gather and grow

Homegrown, hand-spun living in the city


Over the last couple of weeks, I have planted more seedlings in flats than ever before. And, for the first time in my life, I have enough space to grow them. Warm, sunlit indoor space. A real greenhouse, in fact.

I have partnered with the Green Quad of the University of South Carolina to start a dye garden on campus, right in downtown Columbia, SC. In a conversation with their staff, it came up that they wanted ideas for their student garden, known as the Carolina Community Farm & Garden. I, on the other hand, have been dreaming of starting a garden devoted just to dye plants, but don’t have the space in my own yard. The idea of a campus dye garden was born. Two days later, everything was settled, the first seeds went into the flats, and I have been beyond excited to be planning the garden.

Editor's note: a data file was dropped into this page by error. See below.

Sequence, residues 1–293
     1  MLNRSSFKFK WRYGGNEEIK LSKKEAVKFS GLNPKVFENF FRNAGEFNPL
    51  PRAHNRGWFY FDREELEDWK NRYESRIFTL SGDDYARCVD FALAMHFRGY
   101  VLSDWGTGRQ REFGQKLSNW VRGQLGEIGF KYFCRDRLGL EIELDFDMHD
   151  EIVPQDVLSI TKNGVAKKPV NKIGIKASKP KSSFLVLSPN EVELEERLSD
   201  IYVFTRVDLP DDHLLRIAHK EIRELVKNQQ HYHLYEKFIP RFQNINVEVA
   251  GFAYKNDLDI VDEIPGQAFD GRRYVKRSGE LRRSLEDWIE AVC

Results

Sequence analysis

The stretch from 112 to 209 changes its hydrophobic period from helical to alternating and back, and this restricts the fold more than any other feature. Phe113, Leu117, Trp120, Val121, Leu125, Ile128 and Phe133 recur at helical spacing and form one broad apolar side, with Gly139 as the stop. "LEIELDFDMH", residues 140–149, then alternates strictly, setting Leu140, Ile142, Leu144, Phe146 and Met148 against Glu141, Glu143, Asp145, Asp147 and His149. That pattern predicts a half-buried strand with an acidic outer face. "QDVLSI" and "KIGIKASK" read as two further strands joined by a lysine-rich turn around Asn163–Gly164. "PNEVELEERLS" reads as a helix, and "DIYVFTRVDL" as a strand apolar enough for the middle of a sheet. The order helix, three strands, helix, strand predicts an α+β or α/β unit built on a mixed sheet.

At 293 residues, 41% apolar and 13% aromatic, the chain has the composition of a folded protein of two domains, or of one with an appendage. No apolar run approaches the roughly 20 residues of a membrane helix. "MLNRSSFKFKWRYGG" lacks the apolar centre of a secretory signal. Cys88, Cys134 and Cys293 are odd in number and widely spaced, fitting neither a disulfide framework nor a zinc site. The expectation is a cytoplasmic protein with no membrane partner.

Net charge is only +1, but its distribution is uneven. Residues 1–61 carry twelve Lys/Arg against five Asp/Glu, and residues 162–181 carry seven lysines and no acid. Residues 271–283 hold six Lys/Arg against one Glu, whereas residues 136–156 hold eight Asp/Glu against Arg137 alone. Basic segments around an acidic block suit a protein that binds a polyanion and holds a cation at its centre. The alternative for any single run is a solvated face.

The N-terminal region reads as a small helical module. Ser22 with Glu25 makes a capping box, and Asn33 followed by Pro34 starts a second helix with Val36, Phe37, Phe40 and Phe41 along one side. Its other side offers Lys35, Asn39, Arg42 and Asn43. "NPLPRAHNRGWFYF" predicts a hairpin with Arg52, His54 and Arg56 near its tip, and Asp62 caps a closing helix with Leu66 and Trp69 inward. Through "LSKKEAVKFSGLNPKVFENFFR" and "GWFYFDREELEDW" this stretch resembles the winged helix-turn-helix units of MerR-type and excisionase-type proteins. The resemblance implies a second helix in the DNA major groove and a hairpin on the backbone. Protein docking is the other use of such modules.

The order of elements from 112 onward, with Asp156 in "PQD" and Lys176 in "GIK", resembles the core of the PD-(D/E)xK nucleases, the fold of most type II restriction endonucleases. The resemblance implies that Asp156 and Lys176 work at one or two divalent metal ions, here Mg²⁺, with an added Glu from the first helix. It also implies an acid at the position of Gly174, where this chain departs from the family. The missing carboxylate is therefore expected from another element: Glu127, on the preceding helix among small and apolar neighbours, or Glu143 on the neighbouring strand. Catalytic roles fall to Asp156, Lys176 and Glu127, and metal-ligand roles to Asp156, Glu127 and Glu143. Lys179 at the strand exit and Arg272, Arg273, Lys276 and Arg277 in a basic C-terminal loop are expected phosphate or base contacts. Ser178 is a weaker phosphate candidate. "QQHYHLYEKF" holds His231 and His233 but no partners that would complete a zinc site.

My hope is that this small garden of botanical dyes will serve as a demonstration site that gets students and other visitors to the garden to think more about where our textiles come from, and to start making connections between the fibers and dyes that make up clothing, and the environment. In the fall, I plan to do dyeing demonstrations for students using the dyes we harvest on site. I will also create signs and a map that identifies all the plants in the garden that can be used for dyeing. Some of them, like blackberries and fig trees, are already well established. Others — the ones I’ve planted — are just germinating. I have sown indigo, Japanese indigo, madder, sunflower, fennel, Rudbeckia, purple basil, marjoram, dyer’s chamomille, Our Lady’s bedstraw, hollyhock, nettles and yarrow… plus heuchera, or alumroot, to be used as a natural, non-toxic mordant. It’s a potential rainbow of colors, just barely emerging from the tiny seeds. This is how color begins.

3 thoughts on “This is how color begins

  1. Marjo says:

    Todella hienoa! Toivoisimpa, että itsellänikin olisi mahdollisuus kasvattaa omia värjäys kasveja.

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